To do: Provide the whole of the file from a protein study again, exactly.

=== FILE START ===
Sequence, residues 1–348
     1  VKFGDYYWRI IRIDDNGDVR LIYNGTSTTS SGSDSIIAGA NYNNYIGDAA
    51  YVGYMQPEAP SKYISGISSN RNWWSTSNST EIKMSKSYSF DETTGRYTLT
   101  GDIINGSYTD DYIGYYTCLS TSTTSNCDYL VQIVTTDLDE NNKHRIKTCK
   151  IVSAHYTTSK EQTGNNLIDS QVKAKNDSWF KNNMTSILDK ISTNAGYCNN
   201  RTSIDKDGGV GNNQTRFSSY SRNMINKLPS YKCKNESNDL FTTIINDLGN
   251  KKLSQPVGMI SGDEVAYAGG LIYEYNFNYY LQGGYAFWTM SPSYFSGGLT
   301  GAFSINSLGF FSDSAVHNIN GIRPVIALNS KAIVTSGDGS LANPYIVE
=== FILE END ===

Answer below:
Sequence, residues 1–348
     1  VKFGDYYWRI IRIDDNGDVR LIYNGTSTTS SGSDSIIAGA NYNNYIGDAA
    51  YVGYMQPEAP SKYISGISSN RNWWSTSNST EIKMSKSYSF DETTGRYTLT
   101  GDIINGSYTD DYIGYYTCLS TSTTSNCDYL VQIVTTDLDE NNKHRIKTCK
   151  IVSAHYTTSK EQTGNNLIDS QVKAKNDSWF KNNMTSILDK ISTNAGYCNN
   201  RTSIDKDGGV GNNQTRFSSY SRNMINKLPS YKCKNESNDL FTTIINDLGN
   251  KKLSQPVGMI SGDEVAYAGG LIYEYNFNYY LQGGYAFWTM SPSYFSGGLT
   301  GAFSINSLGF FSDSAVHNIN GIRPVIALNS KAIVTSGDGS LANPYIVE